Showing posts from November, 2013

Our Great Big Map

In this project the children were asked to build a map out of various materials. Up until this point our exploration of maps had been in various 2 dimensional representations and impermanent 3 dimensional structures. Like many of our past themes, mixing these mediums left us with a real and permanent piece of art that displays our construction of knowledge.

The mixed media allowed us to talk about symbols. Each piece of material means something to our map. A building ( bottle cap),  a tree (coffee stirrers),  roads (pipe cleaner),  and train tracks (popsicle sticks) are represented. Knowing these symbols allows us to understand or "read" the map. 

We also got to revisit some of our previous units. The roads are represented by lines that connect. Some chose to contribute by drawing where they live on the map,  and several children even constructed bridges to place over a river.

Everything,  from the materials used to where it hangs in our classroom was decided by those truly …

Exploring maps in 3-D

So far our map exploration has been 2-dimensional. One morning the children started making maps on the floor using blocks and other loose materials. They built roads to places they go in their world. We had a Trader Joe's and a Publix, a Target and a zoo. 
To further our exploration, we took pictures of things on our playground and taped them on wooden blocks. We invited the children to place the blocks where they are on the playground. "Is the big castle in front of or behind the bike track?" "What is next to the gate?" "Which direction does the slide face?"
The next day we revisited our block playground, setting it up on a table in the studio. Some children thought it would be fun to draw a map of our playground using the blocks as reference. It turned out to be a very organic way to see how the real things we see everyday can   turn into the maps that tell us where things are and how to get from one place to another.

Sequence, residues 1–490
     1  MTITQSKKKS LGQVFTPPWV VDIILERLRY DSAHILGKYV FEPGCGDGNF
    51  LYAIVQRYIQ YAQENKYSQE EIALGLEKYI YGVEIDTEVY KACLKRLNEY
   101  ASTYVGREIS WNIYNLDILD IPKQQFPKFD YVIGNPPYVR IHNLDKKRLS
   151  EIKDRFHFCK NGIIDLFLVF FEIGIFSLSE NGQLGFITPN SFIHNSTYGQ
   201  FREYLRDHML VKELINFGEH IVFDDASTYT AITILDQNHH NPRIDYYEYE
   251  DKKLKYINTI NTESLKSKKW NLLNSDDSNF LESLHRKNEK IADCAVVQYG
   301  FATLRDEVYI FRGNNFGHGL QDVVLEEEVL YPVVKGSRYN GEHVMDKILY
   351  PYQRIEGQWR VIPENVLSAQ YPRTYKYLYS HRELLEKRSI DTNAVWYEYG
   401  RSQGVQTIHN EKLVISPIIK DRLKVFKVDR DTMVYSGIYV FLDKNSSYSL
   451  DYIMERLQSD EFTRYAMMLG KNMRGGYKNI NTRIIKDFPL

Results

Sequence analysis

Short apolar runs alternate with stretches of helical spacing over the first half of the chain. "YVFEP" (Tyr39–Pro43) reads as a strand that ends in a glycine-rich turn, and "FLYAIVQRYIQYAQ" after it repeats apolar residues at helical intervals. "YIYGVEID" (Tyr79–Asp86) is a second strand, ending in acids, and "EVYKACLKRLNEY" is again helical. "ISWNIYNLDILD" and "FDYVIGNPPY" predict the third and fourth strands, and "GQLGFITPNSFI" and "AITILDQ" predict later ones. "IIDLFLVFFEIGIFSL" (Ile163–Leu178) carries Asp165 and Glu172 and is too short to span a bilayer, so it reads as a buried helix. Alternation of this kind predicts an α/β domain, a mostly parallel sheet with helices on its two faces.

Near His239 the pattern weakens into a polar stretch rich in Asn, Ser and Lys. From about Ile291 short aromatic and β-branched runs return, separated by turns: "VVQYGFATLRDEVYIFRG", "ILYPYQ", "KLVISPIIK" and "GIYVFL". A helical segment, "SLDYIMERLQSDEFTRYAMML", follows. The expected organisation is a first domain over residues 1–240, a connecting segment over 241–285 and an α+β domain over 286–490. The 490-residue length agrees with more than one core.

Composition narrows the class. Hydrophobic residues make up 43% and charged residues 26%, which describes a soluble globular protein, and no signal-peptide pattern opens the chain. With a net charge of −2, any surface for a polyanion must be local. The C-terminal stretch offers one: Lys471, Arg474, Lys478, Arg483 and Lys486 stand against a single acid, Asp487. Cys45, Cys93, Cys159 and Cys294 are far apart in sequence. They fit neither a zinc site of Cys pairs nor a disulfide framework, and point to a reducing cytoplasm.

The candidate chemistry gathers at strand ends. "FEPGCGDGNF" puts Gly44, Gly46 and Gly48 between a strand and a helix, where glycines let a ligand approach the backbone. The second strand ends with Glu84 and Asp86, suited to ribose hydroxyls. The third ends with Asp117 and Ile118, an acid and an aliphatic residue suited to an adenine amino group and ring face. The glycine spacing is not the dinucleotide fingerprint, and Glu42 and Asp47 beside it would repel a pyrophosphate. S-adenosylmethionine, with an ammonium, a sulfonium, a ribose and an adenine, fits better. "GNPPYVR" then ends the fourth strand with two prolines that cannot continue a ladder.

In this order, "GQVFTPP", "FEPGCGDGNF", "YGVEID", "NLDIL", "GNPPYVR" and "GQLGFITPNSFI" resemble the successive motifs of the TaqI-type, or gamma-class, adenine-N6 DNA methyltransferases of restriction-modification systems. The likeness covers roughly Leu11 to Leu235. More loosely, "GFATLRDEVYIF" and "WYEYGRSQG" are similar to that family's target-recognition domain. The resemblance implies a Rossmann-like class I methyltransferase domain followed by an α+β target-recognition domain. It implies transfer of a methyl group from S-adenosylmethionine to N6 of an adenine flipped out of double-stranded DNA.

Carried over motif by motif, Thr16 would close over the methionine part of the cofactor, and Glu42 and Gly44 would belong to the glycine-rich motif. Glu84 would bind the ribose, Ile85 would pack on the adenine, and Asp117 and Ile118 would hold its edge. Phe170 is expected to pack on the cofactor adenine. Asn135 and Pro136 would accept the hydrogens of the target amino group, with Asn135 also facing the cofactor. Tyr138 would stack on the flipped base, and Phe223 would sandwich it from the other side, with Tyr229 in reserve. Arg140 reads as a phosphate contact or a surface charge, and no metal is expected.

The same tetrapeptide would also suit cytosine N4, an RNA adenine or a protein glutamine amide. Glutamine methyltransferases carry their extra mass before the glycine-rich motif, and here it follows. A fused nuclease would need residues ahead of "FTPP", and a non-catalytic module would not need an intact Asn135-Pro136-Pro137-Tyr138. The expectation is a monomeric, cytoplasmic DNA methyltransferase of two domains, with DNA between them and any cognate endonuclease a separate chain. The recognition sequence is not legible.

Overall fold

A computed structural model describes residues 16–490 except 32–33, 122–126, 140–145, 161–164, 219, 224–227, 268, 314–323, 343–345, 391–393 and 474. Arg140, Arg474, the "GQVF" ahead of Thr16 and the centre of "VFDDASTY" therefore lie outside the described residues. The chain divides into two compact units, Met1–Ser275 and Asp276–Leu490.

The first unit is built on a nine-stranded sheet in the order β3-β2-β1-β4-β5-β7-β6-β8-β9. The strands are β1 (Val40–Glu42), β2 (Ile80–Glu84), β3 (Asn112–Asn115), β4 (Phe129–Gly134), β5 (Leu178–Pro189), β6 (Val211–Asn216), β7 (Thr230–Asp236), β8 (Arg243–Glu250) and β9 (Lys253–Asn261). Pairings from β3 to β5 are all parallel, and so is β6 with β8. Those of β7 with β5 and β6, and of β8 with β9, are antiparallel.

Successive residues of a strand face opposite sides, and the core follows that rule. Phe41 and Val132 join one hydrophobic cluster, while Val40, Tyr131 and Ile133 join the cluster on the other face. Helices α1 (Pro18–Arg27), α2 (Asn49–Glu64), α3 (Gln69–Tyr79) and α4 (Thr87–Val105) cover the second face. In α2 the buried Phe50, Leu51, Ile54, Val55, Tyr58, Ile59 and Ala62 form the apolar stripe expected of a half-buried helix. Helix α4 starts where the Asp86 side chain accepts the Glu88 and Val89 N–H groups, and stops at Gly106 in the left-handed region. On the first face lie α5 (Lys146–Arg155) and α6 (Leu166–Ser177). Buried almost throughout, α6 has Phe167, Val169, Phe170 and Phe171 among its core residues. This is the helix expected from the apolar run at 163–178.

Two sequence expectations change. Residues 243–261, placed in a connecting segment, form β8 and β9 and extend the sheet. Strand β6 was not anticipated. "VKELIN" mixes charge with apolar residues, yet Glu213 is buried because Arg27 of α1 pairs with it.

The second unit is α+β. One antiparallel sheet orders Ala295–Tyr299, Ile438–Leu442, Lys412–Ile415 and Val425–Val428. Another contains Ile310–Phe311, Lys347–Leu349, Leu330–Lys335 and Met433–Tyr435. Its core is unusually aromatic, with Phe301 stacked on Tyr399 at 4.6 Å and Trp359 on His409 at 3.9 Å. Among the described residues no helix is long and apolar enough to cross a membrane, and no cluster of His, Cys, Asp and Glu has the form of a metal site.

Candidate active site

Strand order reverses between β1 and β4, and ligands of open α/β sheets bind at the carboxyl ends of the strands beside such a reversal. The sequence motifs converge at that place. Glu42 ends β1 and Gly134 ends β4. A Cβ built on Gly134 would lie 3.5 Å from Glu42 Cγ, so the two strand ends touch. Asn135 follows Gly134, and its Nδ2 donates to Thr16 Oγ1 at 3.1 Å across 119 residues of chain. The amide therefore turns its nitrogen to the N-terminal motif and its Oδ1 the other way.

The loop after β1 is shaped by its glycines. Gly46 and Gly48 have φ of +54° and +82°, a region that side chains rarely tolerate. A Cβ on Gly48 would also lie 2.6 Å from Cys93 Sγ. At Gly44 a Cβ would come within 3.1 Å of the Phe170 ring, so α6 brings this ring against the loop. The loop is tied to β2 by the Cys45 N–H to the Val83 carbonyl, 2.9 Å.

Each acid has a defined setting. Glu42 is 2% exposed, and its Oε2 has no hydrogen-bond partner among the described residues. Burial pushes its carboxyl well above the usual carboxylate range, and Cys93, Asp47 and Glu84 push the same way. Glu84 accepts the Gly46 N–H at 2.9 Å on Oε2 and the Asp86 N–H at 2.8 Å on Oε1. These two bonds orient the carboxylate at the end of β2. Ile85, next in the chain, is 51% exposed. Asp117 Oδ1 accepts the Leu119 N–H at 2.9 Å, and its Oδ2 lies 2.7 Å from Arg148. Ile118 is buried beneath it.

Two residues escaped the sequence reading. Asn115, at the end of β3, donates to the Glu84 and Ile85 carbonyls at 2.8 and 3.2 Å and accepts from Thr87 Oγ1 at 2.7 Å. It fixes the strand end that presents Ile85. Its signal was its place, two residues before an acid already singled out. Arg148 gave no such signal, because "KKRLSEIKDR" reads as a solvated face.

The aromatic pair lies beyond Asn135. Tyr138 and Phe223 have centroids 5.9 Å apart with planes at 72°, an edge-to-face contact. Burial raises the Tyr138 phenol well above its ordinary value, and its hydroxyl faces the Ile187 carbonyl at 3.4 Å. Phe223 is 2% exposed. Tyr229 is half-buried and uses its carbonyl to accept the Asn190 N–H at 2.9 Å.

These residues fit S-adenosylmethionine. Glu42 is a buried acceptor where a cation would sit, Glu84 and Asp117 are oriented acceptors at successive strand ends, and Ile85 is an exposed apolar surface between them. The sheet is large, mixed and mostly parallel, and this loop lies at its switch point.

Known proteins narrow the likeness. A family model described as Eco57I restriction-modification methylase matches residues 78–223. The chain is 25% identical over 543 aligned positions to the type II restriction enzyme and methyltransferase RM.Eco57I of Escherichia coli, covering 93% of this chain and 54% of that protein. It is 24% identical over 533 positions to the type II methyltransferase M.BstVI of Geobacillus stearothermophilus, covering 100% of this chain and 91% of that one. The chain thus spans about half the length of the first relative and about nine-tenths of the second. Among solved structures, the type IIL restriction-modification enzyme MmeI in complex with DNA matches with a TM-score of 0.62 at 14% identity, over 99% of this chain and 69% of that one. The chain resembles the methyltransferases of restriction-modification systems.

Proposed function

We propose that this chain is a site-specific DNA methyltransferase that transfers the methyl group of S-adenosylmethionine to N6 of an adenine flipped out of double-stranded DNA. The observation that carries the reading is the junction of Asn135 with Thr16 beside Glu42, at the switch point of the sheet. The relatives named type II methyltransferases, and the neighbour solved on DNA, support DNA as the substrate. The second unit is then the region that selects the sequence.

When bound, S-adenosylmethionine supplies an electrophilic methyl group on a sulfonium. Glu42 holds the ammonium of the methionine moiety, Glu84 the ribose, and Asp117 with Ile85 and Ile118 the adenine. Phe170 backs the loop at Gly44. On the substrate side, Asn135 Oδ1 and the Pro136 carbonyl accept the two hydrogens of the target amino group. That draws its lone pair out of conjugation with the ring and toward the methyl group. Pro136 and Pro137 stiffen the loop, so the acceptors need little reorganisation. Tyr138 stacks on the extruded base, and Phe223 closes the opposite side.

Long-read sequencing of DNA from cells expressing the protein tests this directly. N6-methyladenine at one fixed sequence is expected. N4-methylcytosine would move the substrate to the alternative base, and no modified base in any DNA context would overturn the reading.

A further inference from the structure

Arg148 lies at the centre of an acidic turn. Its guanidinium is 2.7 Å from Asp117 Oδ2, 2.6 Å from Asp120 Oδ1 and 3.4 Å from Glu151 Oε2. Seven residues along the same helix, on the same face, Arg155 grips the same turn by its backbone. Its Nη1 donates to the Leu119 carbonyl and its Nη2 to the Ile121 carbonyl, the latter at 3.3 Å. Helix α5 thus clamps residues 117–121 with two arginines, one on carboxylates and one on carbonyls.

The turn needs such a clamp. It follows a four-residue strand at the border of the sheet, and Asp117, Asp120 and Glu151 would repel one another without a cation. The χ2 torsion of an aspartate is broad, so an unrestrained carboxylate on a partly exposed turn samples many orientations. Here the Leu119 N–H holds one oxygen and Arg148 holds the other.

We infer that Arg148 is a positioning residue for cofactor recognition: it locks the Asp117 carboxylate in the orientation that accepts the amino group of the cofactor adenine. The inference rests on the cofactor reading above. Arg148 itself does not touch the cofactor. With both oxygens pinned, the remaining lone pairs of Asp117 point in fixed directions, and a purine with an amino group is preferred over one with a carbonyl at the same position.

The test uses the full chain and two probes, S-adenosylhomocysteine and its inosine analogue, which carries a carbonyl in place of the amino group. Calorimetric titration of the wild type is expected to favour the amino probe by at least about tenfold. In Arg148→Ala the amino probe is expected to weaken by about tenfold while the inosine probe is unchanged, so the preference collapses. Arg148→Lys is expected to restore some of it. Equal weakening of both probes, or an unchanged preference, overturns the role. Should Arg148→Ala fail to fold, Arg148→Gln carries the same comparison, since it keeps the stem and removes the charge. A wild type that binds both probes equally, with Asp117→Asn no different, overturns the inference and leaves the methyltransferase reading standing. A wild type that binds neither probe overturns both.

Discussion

Where I Live

With the children's interest in maps peaked, we thought it would be a perfect time to talk about where we live. The globe is a regular part of our classroom, but the kids were amazed that the map on the wall was the globe laid out flat. This discovery was of great interest to the class. Our planet is Earth and on this big ball floating in space we can find our country, our state and our town. The children noticed that you can drive across our country but if you wanted to go across the ocean to Europe you would need an airplane or a boat, "A bridge would have to be too long!" Using our overhead projector we traced the outline of the United States. This type of tracing activity is great for exercising our hand eye coordination and practicing our fine motor skills. We also talked about how all the states are different shapes and sizes, no two are alike! What States have you visited? How many can you name?

Understanding Maps

One day in our free play room we realized the children were playing a game involving Ninjas and maps. The Ninjas were using maps to "find the bad guys". Because we have been exploring connection and movement we saw this as an opportunity to take those concepts to another level. As we already discovered children love things that move; planes, trains and of course cars. We posed the question, "If cars move, where are they going and how do we know how to get there?" Their first maps were simple. We noticed that two different maps were being drawn. Arlo's map showed how to get somewhere, (to the treasure) and Maya's map showed where things are. This led us to a class discussion about maps. We read books depicting the various kinds of maps and waited to see where our new interest in maps might take us.

Pulleys and Pendulums

The children figured out how a pulley system works one morning. The first pulley was a great exercise and example of how we can manipulate movement. Another idea on how we manipulate movement is the "wrecking ball". Above one child holds the wrecking "ball" while another holds the string.  It was a exellent problem solving activity because the children needed to make sure the wrecking ball wasn't too high or too low. They also needed to make sure to "aim". The wrecking ball activity was a great exercise in cause and effect and pendulum painting was a great way to visualize the movement. The swinging of the pendulum faster and slower made drastic lines and drips of paint on the paper. And it was really fun!


Patterns are everywhere all around us. Patterns are found in our daily routines and in nature. Giving children opportunities to master patterning is important because it is the foundation for all mathematical concepts. We set up a provocation with examples of patterns and various loose materials. We also looked for patterns in our classroom and created some of our own.